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Emergency Lighting Testing Procedure

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Our free Emergency Lighting Guide gives a very good overview of emergency lighting. You may also wish to visit these pages on our website:

Overview of emergency lighting testing

Emergency lighting needs to be checked on a regular basis and maintained according to manufacturer’s recommendations. Any repairs or remedial work must be carried out within a reasonable time and all changes must be recorded.

Anecdotal evidence suggests that a significant proportion of organisations do not adequately test and maintain their emergency lighting. This is partly because standards have changed (BS 5266 was updated in 2016) and the relevant people may be behind the times. But it’s also because the three hour test required is rather laborious and labour intensive, and therefore expensive.

Installing the right test mechanism at the outset is fundamental.

How often should emergency lighting be tested?

Daily tests

Where there is a central power supply, carry out a visual inspection of indicators to ensure the system is in a ready condition

Monthly tests

Functional operation should be checked at least every month by a competent person. Simulate a failure of the normal lighting supply for sufficient time to allow all luminaires to be checked for correct operation. Check each luminaire for any obvious signs of damage or deterioration, including the cleanliness and general condition of lenses and diffusers.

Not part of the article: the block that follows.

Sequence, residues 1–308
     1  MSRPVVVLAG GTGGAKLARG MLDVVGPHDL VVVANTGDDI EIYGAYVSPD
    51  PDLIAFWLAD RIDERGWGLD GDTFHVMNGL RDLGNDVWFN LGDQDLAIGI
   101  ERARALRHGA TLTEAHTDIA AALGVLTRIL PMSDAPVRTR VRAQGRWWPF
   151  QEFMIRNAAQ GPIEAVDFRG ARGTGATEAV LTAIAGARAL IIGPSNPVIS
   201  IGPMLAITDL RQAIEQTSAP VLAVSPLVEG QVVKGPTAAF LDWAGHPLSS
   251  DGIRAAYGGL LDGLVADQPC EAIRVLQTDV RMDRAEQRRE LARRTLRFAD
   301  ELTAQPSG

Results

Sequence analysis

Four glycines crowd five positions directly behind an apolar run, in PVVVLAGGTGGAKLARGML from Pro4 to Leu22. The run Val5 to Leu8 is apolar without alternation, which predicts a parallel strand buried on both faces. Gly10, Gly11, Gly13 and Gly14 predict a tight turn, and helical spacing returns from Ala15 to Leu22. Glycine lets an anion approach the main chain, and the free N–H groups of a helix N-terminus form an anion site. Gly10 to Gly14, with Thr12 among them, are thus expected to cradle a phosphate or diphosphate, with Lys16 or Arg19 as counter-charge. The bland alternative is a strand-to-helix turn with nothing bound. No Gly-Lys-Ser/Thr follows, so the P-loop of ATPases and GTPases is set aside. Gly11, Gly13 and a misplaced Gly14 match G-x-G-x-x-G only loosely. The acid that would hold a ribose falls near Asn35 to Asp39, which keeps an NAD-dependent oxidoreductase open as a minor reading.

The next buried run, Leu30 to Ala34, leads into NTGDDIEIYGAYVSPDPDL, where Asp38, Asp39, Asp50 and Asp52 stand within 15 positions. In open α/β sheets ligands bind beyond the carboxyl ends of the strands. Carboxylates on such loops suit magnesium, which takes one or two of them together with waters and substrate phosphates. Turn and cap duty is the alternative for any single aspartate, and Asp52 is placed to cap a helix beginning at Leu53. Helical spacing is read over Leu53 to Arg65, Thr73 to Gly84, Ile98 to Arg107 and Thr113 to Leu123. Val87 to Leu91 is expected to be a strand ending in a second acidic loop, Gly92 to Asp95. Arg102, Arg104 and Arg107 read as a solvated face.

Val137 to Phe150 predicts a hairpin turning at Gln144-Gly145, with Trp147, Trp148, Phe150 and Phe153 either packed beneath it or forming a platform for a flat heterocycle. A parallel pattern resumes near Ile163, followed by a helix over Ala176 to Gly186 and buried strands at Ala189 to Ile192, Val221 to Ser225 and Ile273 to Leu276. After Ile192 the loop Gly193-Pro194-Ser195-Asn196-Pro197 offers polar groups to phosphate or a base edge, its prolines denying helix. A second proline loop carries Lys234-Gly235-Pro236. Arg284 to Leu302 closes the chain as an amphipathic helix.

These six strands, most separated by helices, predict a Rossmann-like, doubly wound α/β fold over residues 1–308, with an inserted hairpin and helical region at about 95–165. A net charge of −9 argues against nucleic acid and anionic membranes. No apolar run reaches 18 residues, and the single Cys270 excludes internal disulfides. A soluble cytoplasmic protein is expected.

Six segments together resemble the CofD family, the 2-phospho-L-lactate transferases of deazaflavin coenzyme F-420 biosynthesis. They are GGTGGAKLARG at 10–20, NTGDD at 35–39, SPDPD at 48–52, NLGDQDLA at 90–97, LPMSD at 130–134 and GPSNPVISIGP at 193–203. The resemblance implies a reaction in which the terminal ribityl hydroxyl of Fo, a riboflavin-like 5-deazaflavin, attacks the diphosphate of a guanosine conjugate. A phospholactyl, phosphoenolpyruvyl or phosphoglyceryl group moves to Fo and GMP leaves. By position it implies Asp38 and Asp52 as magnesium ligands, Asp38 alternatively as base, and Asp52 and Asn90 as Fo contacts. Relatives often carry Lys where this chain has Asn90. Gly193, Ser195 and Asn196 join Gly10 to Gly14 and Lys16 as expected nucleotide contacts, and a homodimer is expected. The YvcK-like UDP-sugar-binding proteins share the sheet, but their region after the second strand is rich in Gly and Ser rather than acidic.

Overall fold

Annual tests

Similar to the monthly test, but a failure of the normal lighting supply is simulated for the full emergency duration (typically one or three hours) to ensure emergency lights are able to function for the full duration. Note that the batteries will be discharged as a result of this test such that the emergency lighting system will not function fully until the batteries have had time to discharge. One of the following precautions should therefore be taken during the full rated duration tests:

  • perform the test while the building is empty or at times of minimal risk; or
  • only test alternate luminaires at any one time, so that the building has a charged luminaire next to the unit under test.

After the test the indicator lights should be checked to ensure that normal supply has been restored. The red or green LED, which identifies an emergency light unit, should be illuminated on completion of the test, confirming that mains power is restored and is charging the lighting battery packs.

Lighting units that fail to illuminate clearly or brightly, have blackened bulbs or tubes, or do not maintain luminance for the required length of time should repaired as soon as possible. In the event of failure of any parts of the system, a competent person should be used to repair the fault. Alternative safety procedures should be introduced until the repair is complete and the system has been re-tested satisfactorily. The responsible person for the building should decide on the appropriate action to be taken for their premises to maintain occupants’ safety during this time.